On February 14 from 4-5 pm, Jennifer Kramer launches Kesu’: the Life and Art of Doug Cranmer, at the MOA shop at the University of British Columbia. A major exhibition of Doug Cranmer’s work opens in March at MOA. http://www.moa.ubc.ca

Jan 092012
 
Bill Reid Raven Bracelet 1955  Friedman Collection, Museum of Anthropology, UBC  Photo: Bill McLennan

Bill Reid Raven Bracelet 1955 Friedman Collection, Museum of Anthropology, UBC Photo: Bill McLennan

The Museum of Anthropology in Vancouver has received a gift from Dr. Sydney Friedman and his late wife Constance, of their collection of twelve artworks by Haida artist Bill Reid. The work illustrated above, an complex hinged gold bracelet in the form of a raven, with curving outlines of feathered wings, dates from 1955.

The newly acquired works will be displayed in MOA’s Bill Reid Rotunda in early spring.

Events in the new year at MOA include a retrospective exhibition of the work of Kwakwaka’wakw artist Doug Cranmer in March, with an accompanying book by Jennifer Kramer. A lecture series by artists influenced by Cranmer will be held in April and May.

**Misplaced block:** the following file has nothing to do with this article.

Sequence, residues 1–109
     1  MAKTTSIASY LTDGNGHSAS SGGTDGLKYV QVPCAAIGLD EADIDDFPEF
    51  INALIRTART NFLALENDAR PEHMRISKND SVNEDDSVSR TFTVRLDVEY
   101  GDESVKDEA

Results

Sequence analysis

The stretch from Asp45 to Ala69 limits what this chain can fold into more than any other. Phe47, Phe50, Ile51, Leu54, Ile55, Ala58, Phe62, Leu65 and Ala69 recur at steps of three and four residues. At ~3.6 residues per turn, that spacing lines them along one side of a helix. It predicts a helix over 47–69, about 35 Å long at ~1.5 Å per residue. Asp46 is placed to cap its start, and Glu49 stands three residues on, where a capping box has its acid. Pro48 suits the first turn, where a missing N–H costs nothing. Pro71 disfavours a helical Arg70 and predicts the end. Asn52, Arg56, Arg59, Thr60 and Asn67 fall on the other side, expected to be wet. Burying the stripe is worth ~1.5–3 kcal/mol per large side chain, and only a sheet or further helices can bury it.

The wonderful 2012 Coastal First Nations Dance Festival is March 8 to 11. See http://www.moa.ubc.ca

Nov 012011
 
Jude Norris Imperfect Doll 2007  at Museum of Anthropology  Photo: Ann Cameron

Jude Norris Imperfect Doll 2007 at Museum of Anthropology Photo: Ann Cameron

 The Green Dress is an exhibition at Vancouver’s Museum of Anthropology on the theme of objects and memory, and our perception of them in museum’s collections. Cree/Metis artist Jude Norris’s 2007 piece in the exhibition shows a doll watching a video loop on a tiny monitor. We see the artist’s hands creating the doll, and writing the words that adorn its aboriginal-style dress.

Norris states: “The affirmations written on her dress represent both personal and cultural healing, encompassing a process of positive remembering, de-programming, and re-programming.”

The Green Dress exhibition was created as a complement to MOA’s exhibition hiroshima, 48 photographs by Ishiuchi Miyako, of clothing and accessories left behind by victims of the 1945 atomic bomb at Hiroshima. For more about MOA, see http://www.moa.ubc.ca